Heralding Gale. (reader forum).
Beth Billera, Plano, Tex.
Thank you to Gale Harold for not doing the same "straight-actor interview" that reads "It was uncomfortable to kiss a guy" or "I'm so straight, let's talk about my wife and kids, and did you hear about my wife?" Bravo to a man who knows what it means to be an actor playing a role.
Queer as Folk is one of the best shows to come along and is saving more lives than any other show on television. I can honestly say it has saved mine. I hope gays and lesbians will stop judging it with the ever-popular "That's not how we are in real life" way of thinking and just look at it for what it is. Get the rest of the cast on the cover soon!
Ren Matney, Portland, Ore.
I think Harold is bisexual but can't admit it to himself. Why is he so-o-o gay-friendly? He seems to have identified more with the gay side of the milieu in which he grew up. He has gay friends, and he's playing a red-hot gay guy on the screen. Why didn't he identify more with the straight crowd during adolescence if he's so straight? He has certainly taken to playing Brian like a duck takes to water.
Anne Canwell, via the Internet
Thank you for your well-written and insightful cover story that revealed another layer of the enigma known as Gale Harold. This Adonis is not only gorgeous, sexy, and mysterious but also unapologetic, sincere, honest, extremely well-spoken, and highly intelligent.
As an avid fan of Queer as Folk, I applaud Harold and the entire cast of QAF for their courage in taking on these challenging and controversial roles that bring us closer to understanding, tolerance, and forging the path to a brave new world.
Deborah A. Jones, Torrance, Calif.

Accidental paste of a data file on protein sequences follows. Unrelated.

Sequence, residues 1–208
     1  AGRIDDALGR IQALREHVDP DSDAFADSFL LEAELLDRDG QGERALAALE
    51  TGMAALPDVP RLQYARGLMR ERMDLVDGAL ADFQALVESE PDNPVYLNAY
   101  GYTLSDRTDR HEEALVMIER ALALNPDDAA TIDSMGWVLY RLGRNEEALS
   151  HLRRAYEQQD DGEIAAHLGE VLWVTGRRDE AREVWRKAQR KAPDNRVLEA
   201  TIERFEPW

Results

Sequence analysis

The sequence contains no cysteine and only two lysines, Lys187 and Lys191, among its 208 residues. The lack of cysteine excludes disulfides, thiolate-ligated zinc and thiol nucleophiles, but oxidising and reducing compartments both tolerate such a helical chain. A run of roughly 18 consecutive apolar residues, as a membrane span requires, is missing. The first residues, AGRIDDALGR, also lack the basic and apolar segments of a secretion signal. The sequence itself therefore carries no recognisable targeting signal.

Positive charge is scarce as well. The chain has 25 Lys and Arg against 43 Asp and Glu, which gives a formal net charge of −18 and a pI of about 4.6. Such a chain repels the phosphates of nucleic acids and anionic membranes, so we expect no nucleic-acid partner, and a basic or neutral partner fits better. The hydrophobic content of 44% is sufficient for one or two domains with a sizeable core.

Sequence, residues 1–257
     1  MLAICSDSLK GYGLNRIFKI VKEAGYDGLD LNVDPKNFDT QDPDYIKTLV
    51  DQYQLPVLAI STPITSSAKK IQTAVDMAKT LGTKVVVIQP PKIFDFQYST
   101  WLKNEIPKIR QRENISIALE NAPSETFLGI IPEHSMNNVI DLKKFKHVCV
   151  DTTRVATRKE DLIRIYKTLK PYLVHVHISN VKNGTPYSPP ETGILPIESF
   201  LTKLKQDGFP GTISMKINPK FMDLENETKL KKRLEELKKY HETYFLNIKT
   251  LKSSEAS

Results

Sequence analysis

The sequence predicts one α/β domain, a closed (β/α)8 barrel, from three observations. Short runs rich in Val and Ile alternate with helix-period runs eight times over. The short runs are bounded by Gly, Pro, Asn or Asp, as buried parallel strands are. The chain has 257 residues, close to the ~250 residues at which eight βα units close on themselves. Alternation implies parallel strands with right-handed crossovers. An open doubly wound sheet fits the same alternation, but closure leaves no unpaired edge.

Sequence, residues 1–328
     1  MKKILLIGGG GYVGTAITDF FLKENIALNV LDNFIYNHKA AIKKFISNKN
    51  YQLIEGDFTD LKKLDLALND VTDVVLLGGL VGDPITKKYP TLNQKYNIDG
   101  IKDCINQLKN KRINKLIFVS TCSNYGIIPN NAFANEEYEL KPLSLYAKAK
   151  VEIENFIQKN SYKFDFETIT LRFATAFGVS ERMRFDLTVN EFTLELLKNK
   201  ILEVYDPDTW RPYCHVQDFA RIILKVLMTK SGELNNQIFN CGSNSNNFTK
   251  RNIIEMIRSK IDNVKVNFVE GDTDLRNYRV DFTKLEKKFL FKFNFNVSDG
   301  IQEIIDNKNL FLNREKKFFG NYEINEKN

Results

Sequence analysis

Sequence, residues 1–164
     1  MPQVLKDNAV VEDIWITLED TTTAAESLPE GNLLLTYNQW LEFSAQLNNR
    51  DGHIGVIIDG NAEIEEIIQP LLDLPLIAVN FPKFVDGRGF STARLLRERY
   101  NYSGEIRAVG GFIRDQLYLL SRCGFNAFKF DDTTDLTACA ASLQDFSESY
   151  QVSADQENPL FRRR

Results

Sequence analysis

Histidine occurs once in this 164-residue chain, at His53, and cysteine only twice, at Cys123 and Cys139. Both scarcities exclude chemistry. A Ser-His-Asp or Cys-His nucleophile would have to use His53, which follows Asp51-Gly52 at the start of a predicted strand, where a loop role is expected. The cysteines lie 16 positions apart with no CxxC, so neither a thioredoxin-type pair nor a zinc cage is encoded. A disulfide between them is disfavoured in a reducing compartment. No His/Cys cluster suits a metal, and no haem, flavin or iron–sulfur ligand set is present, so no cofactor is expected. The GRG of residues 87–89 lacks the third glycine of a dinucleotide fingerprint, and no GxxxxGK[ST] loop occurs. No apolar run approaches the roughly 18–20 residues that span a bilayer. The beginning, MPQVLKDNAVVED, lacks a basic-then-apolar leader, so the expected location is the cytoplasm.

After some initial misgivings, I have become a fan of Showtime's Queer as Folk. However, the series' most critical flaw is the character of Brian as portrayed by Gale Harold.
In the British version of QAF, Brian's counterpart, Stuart, was also hedonistic, self-centered, and arrogant, qualities that have been passed on to Brian. What Showtime's version has failed to capture are two aspects of Stuart's character that made viewers forgive (or at least tolerate) his shortcomings: his sense of fun and, more important, his compassion and love for his friends.
The example that comes to mind occurred early in both versions, during the episode in which Ted (Phil in the British version) falls into a coma after a drug overdose. In Showtime's QAF it is Michael who, with Emmett's help, cleans up Ted's apartment so his mother won't see his dildos and porn tapes, while Brian just pisses and moans. In the British QAF, it's Stuart who decides to sanitize Phil's apartment and calls Vince (Michael's English counterpart) to come help. In that one moment the audience understands why Stuart's friends remain loyal to him, which in turn wins our loyalty. I am still waiting for Harold and the Showtime writers to demonstrate why Brian's friends or I should care in the least about Brian.
Lon Weyland, Los Angeles, Calif.
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|Publication:||The Advocate (The national gay & lesbian newsmagazine)|
|Date:||Mar 5, 2002|
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